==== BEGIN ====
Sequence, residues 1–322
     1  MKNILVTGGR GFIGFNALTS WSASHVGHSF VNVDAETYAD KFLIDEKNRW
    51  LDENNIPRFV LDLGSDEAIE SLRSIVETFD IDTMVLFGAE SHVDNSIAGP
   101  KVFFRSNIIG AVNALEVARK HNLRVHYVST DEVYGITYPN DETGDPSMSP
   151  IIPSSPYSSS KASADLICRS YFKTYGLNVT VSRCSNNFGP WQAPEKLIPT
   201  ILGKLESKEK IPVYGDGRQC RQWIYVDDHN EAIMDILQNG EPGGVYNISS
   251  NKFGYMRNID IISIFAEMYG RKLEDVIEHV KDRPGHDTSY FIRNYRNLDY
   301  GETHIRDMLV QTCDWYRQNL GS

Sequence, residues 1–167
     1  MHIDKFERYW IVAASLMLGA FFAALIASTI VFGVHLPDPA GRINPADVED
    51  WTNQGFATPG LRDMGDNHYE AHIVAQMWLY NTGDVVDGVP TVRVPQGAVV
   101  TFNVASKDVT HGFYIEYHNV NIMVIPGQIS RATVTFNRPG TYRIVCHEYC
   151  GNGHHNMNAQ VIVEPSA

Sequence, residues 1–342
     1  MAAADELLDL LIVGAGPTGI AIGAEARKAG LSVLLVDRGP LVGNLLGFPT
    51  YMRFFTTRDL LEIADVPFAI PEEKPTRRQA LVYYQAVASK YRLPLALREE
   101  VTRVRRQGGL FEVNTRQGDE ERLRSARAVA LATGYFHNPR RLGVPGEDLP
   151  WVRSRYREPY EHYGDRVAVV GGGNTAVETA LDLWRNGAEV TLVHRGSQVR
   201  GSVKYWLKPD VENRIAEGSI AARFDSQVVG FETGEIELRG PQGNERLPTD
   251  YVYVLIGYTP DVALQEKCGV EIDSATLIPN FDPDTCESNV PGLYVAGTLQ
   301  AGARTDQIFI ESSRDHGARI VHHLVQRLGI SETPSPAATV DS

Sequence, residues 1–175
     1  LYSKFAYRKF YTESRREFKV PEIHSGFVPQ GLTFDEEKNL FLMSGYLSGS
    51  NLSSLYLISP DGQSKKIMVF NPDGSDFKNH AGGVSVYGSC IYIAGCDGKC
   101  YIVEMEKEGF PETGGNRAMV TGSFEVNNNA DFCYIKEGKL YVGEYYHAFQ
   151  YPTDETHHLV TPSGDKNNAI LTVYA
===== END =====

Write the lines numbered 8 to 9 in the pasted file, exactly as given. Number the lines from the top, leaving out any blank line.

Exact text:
   301  GETHIRDMLV QTCDWYRQNL GS

Sequence, residues 1–167